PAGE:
Smooth Muscles: In most organs smooth muscle is contracted (mainly through M3 receptors)
Tone and peristalisis of GI tract is increased and sphincters relax -- > abd. cramps and evacuation of bowel Peristalisis in ureter is increased. The detrusor muscle contracts while bladder trigone relaxes -- > voiding of bladder Bronchial muscles constricts, asthamatics are highly sensitive -- > dyspnoea, precipitation of an attack of asthma

Glands: Secretion from all parasympathetic glands is increased via M3 and some M2 receptors. This results in increased sweating, salivation, lacrimation, tracheobronchial and gastric secretions. Note: Secretion of Milk and Bile is not affected Eye: Contraction of circular (pupillae sphincter) muscles of iris, causing Miosis (marked constriction of pupil) Contraction of Ciliary muscles which results in spasm of accomodation, reduction of intraocular pressure

It is structurally related to acetylcholine. It is not hydrolyzed by acetylcholinesterase (due to the addition of carbonic acid), although it is inactivated through hydrolysis by other esterases. It lacks nicotinic actions but does have strong muscarinic activity. Its major actions are on the smooth musculature of the bladder and gastro-intestinal tract. It has a duration of action of about 1 hour. Actions: Bethanechol directly stimulates muscarinic receptors, causing increased intestinal motility and tone. It also stimulates the detrusor muscles of the bladder whereas the trigone and sphincter are relaxed, causing expulsion of urine Therapeutic applications: In urologic treatment, bethanechol is used to stimulate the atonic bladder, particularly in postpartum or postoperative, nonobstructive urinary retention. Bethanechol may also be used to treat neurogenic atony as well as megacolon and gastro esophageal refulx. Adverse efects: Bethanechol causes the efects of generalized cholinergic stimulation. These include sweating, salivation, fushing, decreased blood pressure, nausea, abdominal pain, diarrhea, and bronchospasm.

The alkaloid pilocarpine is obtained from the leaves of Pilocarpus microphyllus. It is a tertiary amine and is stable to hydrolysis by acetylcholinesterase. Compared with acetylcholine and its derivatives, it is far less potent, but it is uncharged and will penetrate the CNS at therapeutic doses. Pilocarpine exhibits potent muscarinic activity and is used primarily in ophthalmology. Actions: Applied topically to the cornea, pilocarpine produces rapid miosis and contraction of the ciliary muscle. The eye undergoes miosis and a spasm of accommodation; the vision is fixed at some particular distance, making it impossible to focus. [Note the opposing effects of atropine, a muscarinic blocker, on the eye.] Pilocarpine is one of the most potent stimulators of secretions such as sweat, tears, and saliva, but its use for producing these effects has been limited due to its lack of selectivity. The drug is benefcial in promoting salivation in patients with xerostomia resulting from irradiation of the head and neck. Sjgren s syndrome, which is characterized by dry mouth and lack of tears, is treated with oral pilocarpime tablets and cevimeline, a cholinergic drug that also has the drawback of being nonspecifc.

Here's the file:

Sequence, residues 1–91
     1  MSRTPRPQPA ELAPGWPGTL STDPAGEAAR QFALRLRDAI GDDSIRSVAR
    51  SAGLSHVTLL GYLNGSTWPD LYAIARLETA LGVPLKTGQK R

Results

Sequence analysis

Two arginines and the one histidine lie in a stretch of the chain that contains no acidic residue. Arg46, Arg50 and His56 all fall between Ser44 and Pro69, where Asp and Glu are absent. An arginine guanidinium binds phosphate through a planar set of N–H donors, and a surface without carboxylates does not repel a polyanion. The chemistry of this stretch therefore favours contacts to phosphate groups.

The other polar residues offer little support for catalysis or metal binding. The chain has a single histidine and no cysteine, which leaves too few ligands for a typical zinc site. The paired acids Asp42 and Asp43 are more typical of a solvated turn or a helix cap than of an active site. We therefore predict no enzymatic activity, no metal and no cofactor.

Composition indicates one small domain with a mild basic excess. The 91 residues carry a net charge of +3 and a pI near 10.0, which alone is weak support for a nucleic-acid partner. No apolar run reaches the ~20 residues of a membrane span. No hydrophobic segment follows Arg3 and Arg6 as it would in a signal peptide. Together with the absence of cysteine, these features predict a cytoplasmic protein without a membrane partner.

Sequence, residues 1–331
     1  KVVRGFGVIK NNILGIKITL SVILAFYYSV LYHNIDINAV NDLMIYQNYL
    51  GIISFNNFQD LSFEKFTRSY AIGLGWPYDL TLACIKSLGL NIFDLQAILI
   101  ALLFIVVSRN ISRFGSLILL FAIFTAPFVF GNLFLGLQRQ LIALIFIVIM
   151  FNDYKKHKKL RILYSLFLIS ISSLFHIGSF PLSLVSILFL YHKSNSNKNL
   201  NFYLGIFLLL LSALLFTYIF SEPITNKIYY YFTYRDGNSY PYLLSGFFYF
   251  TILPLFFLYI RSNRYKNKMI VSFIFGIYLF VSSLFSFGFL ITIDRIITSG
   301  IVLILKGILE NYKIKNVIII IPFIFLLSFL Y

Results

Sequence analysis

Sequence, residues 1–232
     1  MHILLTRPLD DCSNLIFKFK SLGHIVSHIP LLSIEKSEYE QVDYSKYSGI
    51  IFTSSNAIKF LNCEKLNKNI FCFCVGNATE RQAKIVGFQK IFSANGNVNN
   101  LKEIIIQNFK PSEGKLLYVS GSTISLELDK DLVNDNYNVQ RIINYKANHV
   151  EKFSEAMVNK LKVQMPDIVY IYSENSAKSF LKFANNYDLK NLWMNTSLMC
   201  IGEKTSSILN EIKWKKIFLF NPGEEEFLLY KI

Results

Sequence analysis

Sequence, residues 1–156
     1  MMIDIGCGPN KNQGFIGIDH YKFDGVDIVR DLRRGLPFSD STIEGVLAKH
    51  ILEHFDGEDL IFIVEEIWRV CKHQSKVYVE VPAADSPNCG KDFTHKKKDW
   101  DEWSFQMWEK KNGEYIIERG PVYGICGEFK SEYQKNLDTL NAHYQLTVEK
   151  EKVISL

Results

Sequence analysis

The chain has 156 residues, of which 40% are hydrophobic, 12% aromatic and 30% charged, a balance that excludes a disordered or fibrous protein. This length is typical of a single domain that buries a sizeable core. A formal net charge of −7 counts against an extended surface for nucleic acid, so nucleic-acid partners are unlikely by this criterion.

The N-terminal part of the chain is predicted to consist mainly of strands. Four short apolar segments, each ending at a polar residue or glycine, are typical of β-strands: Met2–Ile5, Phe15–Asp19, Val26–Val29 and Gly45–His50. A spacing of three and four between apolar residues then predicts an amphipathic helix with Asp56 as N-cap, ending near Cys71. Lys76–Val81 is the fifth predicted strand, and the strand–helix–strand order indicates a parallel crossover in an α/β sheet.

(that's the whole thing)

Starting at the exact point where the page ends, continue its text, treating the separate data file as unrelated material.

Therapeutic use in glaucoma: Pilocarpine is the drug of choice in the emergency lowering of intraocular pressure of both narrow-angle (also called closed-angle) and wide-angle (also called open-angle) glaucoma. Pilocarpine is extremely effective in opening the trabecular meshwork around Schlemm s canal, causing an immediate drop in intraocular pressure as a result of the increased drainage of aque-ous humor. This action lasts up to 8 hours and can be repeated. The organophosphate echothiophate inhibits acetylcholinesterase and exerts the same efect for a longer duration. [Note: Carbonic anhydrase inhibitors, such as acetazolamide, as well as the -adrenergic blocker timolol, are efective in treating glaucoma chronically but are not used for emergency lowering of intraocular pressure.] Adverse efects: Pilocarpine can enter the brain and cause CNS disturbances. It stimulates profuse sweating and salivation.